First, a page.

We open on Trevor Daniels, movie star. He’s doing movie star things — working out, signing autographs, driving a convertible along the Malibu coast, playing a game with Jimmy Fallon. After the game, Fallon mentions something about his “upcoming stage debut, in Macbeth.”
In a shitty basement gym somewhere in New York, Meg Weir, stage actress, watches the Fallon segment while she runs on the elliptical. She makes a face and finishes her workout. We follow her home, through the dingiest parts of New York — she gets catcalled, a bag lady accosts her on the subway, there’s a cockroach in her postage-stamp studio apartment. She takes a shower and sits down on her bed and opens a script. It’s Macbeth.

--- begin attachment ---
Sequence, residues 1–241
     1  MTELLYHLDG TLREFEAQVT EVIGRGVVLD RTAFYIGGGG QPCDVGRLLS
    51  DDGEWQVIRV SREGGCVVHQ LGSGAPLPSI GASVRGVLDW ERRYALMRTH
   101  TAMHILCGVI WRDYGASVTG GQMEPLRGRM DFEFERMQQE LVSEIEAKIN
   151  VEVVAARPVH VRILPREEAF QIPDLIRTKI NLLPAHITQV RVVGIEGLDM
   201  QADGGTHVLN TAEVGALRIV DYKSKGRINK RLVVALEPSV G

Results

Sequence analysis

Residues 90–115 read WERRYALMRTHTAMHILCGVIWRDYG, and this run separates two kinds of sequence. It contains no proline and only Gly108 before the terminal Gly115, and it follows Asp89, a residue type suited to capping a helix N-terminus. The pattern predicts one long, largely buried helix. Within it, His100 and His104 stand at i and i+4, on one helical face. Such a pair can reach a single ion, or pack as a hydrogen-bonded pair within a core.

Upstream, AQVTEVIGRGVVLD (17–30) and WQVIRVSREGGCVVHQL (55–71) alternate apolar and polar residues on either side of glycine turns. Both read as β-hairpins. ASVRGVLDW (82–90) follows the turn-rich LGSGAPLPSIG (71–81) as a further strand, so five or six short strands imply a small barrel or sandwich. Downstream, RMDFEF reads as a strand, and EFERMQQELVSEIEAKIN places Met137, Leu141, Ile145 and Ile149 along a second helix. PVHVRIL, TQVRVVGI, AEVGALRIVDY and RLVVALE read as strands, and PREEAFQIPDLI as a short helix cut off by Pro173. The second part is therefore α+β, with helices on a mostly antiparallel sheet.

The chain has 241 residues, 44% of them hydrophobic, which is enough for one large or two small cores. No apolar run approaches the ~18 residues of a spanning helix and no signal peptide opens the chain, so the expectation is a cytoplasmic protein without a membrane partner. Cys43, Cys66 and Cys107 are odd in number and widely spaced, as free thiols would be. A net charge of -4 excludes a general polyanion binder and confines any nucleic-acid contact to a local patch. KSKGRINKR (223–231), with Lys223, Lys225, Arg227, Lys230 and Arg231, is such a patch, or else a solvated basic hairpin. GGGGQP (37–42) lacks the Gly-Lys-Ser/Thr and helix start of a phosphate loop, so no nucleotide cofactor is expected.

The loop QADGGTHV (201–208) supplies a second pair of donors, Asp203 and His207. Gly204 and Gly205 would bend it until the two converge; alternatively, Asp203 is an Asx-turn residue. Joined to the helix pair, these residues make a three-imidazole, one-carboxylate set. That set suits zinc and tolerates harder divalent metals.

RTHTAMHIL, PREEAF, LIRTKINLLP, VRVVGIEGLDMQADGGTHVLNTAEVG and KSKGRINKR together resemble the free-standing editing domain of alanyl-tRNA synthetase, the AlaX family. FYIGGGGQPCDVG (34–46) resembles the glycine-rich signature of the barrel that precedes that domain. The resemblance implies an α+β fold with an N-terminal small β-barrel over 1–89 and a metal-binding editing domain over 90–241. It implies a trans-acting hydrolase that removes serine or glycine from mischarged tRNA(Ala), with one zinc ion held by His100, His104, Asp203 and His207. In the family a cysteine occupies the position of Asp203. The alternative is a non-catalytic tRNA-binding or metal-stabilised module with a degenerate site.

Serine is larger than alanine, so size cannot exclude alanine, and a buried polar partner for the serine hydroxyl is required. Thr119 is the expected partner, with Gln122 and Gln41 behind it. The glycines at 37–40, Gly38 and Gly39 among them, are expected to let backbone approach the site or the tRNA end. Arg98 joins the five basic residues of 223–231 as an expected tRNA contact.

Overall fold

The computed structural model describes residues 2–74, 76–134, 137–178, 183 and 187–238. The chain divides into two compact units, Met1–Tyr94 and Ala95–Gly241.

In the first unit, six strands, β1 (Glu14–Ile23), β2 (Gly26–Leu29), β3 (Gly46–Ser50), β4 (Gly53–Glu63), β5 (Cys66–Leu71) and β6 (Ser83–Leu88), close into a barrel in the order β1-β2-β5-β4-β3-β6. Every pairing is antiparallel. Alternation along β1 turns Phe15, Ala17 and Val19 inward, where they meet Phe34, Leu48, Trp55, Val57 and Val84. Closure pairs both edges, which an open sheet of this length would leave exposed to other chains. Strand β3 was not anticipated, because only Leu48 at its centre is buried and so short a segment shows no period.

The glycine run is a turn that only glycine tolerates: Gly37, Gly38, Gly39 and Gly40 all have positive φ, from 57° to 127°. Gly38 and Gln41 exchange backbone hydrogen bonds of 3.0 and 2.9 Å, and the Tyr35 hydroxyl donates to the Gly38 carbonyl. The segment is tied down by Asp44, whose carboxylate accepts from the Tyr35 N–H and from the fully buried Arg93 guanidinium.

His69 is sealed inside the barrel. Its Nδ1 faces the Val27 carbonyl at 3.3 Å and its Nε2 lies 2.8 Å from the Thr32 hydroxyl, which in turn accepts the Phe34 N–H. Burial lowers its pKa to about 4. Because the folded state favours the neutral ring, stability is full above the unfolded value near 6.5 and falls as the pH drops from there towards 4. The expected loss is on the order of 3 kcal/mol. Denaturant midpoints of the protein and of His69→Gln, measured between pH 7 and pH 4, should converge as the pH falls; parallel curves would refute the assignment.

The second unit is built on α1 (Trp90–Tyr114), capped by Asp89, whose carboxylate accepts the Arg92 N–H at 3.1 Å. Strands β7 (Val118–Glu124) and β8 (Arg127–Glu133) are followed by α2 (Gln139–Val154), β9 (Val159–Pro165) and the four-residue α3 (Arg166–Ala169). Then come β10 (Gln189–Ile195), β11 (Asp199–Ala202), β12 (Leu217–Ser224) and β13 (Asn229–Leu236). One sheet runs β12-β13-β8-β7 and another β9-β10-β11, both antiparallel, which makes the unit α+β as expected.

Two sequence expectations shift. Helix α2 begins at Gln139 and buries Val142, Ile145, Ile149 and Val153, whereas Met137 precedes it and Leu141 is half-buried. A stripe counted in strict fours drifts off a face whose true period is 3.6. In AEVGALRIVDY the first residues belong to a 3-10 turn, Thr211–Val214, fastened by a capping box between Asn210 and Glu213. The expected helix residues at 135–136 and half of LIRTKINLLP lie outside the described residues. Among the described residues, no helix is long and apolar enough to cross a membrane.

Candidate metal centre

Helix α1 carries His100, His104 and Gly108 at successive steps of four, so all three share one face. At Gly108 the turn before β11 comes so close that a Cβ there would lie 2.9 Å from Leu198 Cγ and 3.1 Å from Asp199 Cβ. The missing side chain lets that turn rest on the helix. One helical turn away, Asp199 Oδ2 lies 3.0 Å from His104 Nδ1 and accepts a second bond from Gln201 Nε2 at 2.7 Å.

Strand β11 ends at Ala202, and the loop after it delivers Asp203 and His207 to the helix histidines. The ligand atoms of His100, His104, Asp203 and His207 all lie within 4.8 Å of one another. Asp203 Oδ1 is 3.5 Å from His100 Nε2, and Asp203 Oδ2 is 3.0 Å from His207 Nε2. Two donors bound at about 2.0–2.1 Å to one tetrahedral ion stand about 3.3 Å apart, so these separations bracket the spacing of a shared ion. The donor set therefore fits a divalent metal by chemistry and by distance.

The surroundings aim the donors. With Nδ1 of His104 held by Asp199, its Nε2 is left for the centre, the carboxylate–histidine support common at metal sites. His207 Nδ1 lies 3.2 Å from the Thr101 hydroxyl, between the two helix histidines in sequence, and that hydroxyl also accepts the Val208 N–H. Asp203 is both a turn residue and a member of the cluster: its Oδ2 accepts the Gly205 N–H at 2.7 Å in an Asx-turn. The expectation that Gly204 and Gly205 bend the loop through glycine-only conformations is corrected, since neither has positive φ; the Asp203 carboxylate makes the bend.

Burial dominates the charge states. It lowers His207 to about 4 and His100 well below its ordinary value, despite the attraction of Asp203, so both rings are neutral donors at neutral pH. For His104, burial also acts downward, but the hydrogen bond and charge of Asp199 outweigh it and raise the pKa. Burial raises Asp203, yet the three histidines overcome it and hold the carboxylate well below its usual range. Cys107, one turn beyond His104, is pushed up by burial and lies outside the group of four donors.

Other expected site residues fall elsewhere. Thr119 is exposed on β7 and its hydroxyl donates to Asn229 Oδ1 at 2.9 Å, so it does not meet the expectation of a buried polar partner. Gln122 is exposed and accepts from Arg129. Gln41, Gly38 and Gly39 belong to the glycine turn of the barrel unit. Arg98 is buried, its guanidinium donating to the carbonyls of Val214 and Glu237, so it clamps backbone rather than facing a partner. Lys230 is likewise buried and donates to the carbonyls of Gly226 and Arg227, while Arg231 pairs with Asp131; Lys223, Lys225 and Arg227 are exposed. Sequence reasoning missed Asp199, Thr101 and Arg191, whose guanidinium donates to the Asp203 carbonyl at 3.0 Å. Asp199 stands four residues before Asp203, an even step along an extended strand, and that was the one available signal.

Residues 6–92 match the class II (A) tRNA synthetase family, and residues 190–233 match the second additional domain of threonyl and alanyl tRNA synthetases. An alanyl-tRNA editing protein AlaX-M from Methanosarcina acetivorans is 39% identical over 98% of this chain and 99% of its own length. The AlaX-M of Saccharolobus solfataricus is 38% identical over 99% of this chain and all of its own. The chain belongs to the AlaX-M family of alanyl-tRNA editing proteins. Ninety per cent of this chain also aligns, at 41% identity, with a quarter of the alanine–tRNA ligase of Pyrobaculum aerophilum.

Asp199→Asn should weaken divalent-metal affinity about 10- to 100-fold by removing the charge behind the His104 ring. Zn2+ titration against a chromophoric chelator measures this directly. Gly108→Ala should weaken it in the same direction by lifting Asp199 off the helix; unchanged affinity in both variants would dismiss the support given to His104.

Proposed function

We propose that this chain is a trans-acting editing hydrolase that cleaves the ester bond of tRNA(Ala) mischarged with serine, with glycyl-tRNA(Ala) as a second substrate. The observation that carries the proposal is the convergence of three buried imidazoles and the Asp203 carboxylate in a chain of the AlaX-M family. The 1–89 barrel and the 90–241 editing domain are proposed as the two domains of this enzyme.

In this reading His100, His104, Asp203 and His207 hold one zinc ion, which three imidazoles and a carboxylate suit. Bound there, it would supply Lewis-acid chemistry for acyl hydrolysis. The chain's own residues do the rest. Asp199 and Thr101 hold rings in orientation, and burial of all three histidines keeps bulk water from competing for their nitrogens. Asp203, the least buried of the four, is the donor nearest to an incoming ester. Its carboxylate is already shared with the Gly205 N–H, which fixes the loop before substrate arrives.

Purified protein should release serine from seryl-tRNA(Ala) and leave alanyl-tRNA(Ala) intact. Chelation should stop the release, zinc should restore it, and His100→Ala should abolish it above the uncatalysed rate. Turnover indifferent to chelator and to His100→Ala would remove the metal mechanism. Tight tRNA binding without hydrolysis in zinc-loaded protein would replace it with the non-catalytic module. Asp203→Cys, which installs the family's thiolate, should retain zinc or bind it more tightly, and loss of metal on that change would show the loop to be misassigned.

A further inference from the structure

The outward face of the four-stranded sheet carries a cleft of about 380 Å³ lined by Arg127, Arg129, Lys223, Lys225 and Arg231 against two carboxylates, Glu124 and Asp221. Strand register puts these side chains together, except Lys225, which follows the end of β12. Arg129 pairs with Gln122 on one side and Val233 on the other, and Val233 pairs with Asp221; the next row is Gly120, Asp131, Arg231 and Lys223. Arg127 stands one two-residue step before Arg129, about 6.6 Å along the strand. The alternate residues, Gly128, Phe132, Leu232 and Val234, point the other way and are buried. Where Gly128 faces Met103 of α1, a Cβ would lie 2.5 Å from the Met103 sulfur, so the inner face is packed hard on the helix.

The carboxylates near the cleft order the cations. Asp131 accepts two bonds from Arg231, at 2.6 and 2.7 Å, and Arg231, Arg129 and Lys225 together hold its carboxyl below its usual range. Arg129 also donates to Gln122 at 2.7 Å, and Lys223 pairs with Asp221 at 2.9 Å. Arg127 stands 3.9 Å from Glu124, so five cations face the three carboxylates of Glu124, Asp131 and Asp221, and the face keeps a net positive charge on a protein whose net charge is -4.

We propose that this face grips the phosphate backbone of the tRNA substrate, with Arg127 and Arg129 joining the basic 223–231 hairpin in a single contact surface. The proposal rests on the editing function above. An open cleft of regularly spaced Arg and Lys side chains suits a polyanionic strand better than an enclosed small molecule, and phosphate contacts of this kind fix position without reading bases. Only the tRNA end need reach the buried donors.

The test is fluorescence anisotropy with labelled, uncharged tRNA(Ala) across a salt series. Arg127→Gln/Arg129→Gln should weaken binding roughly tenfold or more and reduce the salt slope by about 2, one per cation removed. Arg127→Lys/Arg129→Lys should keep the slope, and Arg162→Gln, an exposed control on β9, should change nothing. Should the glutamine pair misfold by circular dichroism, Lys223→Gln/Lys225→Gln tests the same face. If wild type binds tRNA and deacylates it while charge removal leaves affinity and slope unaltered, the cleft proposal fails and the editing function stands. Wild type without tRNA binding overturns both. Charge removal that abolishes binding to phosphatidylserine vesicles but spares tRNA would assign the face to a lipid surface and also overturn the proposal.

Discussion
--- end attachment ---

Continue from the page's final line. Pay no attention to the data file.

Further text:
The next morning she’s woken up by a call from her agent, who excitedly asks if she saw Daniels promoting the play. Meg’s annoyed — she’s clawed her way through audition after audition and bit part after bit part to play Lady M, and now her Macbeth is an action figure. Her agent reasonably points out that Daniels will drive ticket sales. Meg isn’t placated. The agent gets down to business — a promotional photo shoot has been scheduled before the first rehearsal.
Daniels is on the plane from LA to New York. A fan sits down next to him. She begins rhapsodizing on his latest movie — a “Fifty Shades of Grey” type flick. Daniels is polite but clearly doesn’t want to talk about it. He tries to bring up Macbeth, but the fan only wants to talk about the movie. Daniels gives up and pretends to go to sleep. The plane is delayed on the tarmac at JFK, and the fan picks the conversation right back up.
He finally makes it off the plane and hurries to the photo shoot. He’s late. Meg’s been waiting for an hour. He introduces himself. Meg is frosty. He tries to make a joke about the fan on the flight, but Meg takes it the wrong way. The shoot begins and things just get worse. The producer shows up and decides that they should really just focus on Daniels.